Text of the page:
Pulitzer Prize winners, foreign athletes, successful business people and veterans were just some of the fascinating people who crowded the Thurston Middle School auditorium this week.
The sixth-grade Oral History project asks students to interview someone at least 50 years older and present their findings to their classmates.
The school held its annual luncheon Monday, Tuesday and Wednesday, when students gave a 30-second presentation about their person, asking their interviewee to stand to applause and usually ending with “thank you for sharing your life with me.”
“I think it’s an invaluable experience for students to be able to learn about history through the perspective of someone close to them,” sixth-grade language arts teacher Sarah Schaeffer said Tuesday. “It helps to close generational gaps and see the people they interview in a new light.”
Many locals were in the audience at Tuesday’s luncheon, such as artist Olivia Batchelder, who was interviewed by sixth-grader Sophie Wilkes.
A common remark from the students was how much they enjoyed getting to know a grandparent better or learn interesting facts about a friend they never knew.
Massimo Lucidi, 12, said he was excited to find out his Italian grandfather, Dalfrano Lucidi, played professional soccer in Foligno, Italy.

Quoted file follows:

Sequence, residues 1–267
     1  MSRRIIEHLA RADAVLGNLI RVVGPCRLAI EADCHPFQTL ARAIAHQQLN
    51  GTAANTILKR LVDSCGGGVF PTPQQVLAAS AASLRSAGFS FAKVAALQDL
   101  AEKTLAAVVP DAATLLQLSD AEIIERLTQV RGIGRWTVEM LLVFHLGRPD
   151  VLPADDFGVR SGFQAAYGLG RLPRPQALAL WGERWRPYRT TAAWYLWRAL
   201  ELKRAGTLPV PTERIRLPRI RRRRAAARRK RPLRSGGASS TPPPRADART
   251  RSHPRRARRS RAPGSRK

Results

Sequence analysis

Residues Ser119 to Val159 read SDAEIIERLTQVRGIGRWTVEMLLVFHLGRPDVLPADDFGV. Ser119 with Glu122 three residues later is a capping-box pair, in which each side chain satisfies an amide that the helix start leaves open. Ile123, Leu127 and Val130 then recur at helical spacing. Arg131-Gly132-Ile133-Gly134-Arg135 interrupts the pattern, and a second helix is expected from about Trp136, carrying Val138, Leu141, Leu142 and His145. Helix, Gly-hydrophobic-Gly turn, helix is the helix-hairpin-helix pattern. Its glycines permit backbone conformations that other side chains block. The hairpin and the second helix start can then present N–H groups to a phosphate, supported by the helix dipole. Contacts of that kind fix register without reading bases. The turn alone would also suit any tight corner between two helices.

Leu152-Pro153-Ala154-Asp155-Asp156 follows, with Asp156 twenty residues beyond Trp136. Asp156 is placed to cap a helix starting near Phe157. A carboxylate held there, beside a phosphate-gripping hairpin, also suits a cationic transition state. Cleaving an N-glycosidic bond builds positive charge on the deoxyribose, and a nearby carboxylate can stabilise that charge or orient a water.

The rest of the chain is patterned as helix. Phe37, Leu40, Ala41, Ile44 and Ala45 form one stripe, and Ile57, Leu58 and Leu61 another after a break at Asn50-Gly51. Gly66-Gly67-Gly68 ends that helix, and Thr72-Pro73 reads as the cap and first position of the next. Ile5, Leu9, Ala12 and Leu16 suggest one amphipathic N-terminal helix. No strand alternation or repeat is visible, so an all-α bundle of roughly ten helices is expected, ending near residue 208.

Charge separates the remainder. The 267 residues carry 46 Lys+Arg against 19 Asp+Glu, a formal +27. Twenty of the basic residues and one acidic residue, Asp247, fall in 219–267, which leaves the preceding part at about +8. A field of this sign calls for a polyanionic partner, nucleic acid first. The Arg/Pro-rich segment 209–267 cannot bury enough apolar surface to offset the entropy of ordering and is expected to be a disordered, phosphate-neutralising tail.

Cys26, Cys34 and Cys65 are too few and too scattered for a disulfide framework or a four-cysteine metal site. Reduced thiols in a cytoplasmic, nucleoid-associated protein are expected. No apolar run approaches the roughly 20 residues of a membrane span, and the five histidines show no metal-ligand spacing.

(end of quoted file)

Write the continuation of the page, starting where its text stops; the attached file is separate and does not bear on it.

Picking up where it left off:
“I was shocked to learn he owned more than 80 hotels in his lifetime,” Angelina Polselli, 11, said about her father, Remo Polselli.
Vasco Possley, 12, spoke about his father, Maurice Possley, a Pulitzer Prize-winning journalist and former Chicago Tribune reporter.
Dylan Miller, 11, interviewed Donn Hubbard and found out that he had been to Hiroshima, Japan.
Sixth-grader Daniel Vergara got laughs as he went slightly past the 30-second mark, enumerating the many virtues of his Peruvian grandmother and the wise advice she’s given him.
Principal Jenny Salberg said students and interviewees gain a lot from the experience — the students learn about another person and the interviewee is recognized.
“I think it’s a wonderful opportunity to honor our families and community with their rich history,” Salberg said.